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News > Latin America

Mexico Approves Reparations for Family of Ayotzinapa Student

  • Relatives of the 43 Ayotzinapa students and supporters lead a demonstration on Sept. 26, 2015 in Mexico City to commemorate one year since their disappearance.

    Relatives of the 43 Ayotzinapa students and supporters lead a demonstration on Sept. 26, 2015 in Mexico City to commemorate one year since their disappearance. | Photo: AFP

Published 23 December 2015
Opinion

The reparations are the first to be awarded to any family members of the 43 disappeared students who disappeared last year.

Mexico has approved the first comprehensive plan for reparations to one of the families of the victims of the Ayotzinapa case, the infamous attack on Sept. 26, 2014 when police opened fire on protesters and arrested 43 students who were later disappeared.

The Executive Committee for Victims Assistance (CEAV) on Tuesday approved the reparations for the family of David Joshua Garcia Evangelista, a soccer player who was killed during the incident last year in Iguala, Guerrero. The young man was one of six people killed that night when police opened fire on protesters and students.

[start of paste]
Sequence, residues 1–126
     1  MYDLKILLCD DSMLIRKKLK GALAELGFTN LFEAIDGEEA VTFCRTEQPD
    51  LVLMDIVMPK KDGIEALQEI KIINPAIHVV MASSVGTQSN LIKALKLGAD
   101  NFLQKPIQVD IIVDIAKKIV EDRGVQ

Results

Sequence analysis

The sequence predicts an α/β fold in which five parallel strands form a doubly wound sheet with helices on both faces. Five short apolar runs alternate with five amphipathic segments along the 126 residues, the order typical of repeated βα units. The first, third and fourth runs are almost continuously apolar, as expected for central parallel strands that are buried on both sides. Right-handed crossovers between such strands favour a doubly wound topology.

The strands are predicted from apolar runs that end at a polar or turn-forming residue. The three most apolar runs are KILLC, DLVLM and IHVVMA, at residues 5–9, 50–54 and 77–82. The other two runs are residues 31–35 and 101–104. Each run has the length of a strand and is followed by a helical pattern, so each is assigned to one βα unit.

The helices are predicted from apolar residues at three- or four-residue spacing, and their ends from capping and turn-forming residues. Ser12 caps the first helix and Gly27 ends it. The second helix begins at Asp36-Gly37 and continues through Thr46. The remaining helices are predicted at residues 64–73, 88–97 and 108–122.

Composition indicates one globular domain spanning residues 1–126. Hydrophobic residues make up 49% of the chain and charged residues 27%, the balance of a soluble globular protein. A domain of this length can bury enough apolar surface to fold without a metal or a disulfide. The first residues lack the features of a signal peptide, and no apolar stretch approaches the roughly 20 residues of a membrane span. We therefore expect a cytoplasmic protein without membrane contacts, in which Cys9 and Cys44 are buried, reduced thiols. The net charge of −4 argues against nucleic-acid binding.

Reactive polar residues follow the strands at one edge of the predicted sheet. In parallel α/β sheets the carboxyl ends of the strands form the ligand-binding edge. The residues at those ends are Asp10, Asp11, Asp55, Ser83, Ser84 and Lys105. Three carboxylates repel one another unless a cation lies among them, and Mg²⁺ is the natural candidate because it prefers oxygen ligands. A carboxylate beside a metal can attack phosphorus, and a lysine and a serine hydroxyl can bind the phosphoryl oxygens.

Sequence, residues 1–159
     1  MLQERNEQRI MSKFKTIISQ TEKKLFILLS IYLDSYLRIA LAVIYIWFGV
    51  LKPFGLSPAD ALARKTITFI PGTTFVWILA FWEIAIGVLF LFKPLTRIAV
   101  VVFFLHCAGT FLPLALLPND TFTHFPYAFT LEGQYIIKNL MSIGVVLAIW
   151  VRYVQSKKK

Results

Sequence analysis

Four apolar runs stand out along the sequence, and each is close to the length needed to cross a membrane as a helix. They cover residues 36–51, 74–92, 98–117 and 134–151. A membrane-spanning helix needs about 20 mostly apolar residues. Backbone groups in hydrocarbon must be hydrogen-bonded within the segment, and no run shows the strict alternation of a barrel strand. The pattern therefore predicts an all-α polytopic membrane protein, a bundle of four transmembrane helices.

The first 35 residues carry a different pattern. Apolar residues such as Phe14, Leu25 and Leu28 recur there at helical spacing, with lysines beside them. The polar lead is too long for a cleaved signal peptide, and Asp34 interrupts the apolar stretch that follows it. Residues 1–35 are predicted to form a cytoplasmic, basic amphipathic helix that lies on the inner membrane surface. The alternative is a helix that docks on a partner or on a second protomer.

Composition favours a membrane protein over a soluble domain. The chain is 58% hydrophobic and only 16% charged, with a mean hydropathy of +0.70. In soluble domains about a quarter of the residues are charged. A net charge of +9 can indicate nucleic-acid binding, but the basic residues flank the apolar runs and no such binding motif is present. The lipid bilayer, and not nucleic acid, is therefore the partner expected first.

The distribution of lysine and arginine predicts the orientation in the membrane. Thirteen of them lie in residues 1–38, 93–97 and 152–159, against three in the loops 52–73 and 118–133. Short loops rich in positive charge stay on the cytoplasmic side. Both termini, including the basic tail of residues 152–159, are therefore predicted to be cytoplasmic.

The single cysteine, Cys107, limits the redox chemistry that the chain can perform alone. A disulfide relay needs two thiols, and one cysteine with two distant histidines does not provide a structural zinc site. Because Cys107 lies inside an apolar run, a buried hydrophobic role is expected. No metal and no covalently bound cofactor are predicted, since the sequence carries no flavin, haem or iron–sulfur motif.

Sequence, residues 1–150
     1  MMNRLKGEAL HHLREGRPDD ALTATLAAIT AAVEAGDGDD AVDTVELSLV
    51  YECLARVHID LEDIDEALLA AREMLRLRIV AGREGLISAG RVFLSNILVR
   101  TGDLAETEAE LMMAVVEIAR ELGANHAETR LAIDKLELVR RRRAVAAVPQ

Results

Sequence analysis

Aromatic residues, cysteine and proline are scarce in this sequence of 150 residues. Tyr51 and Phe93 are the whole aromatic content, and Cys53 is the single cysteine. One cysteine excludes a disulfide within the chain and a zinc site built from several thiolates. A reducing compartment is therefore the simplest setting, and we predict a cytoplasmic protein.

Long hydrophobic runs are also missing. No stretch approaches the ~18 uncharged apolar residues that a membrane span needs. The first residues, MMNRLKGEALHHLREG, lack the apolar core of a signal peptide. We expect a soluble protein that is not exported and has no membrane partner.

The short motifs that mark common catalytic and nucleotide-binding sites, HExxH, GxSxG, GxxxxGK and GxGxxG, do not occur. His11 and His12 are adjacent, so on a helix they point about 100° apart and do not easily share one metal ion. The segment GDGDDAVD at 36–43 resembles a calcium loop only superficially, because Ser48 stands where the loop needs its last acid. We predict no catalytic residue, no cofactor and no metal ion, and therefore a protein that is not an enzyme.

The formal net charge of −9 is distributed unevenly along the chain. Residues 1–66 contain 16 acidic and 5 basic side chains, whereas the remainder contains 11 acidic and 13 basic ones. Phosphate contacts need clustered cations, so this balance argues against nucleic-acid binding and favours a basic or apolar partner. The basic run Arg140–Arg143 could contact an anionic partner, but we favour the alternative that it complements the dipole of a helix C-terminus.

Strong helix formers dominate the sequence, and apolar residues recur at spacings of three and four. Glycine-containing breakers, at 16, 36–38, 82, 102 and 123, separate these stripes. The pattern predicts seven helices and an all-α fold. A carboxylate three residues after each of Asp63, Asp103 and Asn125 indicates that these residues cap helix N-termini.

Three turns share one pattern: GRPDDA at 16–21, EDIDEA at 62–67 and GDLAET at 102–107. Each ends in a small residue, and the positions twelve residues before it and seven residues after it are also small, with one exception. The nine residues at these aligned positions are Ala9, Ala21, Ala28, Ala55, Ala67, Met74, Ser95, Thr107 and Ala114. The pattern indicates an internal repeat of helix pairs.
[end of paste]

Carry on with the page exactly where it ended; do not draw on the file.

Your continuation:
IN DEPTH: Justice for Ayotzinapa

“The reparation is an obligation that is on the General Law on Victims and this is an achievement of civil society,” said Rochín del Rincón, president of the committee.

The compensation, which was unanimously approved by the committee, includes measures such as the allocation to the family of a permanent legal adviser to track the case, psychological care programs, education scholarships and economic compensation.

According to a statement released by CEAV, the committee is still studying and processing other cases related to the victims of what occurred in Iguala in September of 2014.

However, no particular mention was made of the 43 students from the Ayotzinapa training school who were disappeared that evening. Families and supporters of the students continue to push the government for clear answers as to what happened.

Only the remains of one of the students has been found and parents, forensic specialists, and human rights organizations have questioned the government's official story that the students were handed to a local gang called Guerreros Unidos (United Warriors), burned and then dumped into a local river.

WATCH: Mexico: New Evidence Shows Ayotzinapa Students Were Not Burned

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